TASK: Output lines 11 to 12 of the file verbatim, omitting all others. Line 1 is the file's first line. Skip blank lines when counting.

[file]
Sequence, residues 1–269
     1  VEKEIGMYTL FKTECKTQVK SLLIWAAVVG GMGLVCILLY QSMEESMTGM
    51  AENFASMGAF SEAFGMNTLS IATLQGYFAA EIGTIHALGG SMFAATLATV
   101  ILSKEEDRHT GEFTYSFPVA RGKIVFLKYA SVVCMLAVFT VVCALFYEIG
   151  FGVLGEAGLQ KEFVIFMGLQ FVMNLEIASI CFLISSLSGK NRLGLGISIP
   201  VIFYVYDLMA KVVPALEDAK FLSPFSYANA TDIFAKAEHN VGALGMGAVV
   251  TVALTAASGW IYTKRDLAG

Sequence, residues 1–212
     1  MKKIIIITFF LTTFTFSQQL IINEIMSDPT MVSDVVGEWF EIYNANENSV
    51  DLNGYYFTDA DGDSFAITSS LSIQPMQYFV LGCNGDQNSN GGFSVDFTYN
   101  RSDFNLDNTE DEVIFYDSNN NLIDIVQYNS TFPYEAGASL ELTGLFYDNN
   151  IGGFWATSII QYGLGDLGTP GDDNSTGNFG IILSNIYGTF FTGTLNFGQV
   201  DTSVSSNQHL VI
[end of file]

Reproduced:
   101  RSDFNLDNTE DEVIFYDSNN NLIDIVQYNS TFPYEAGASL ELTGLFYDNN
   151  IGGFWATSII QYGLGDLGTP GDDNSTGNFG IILSNIYGTF FTGTLNFGQV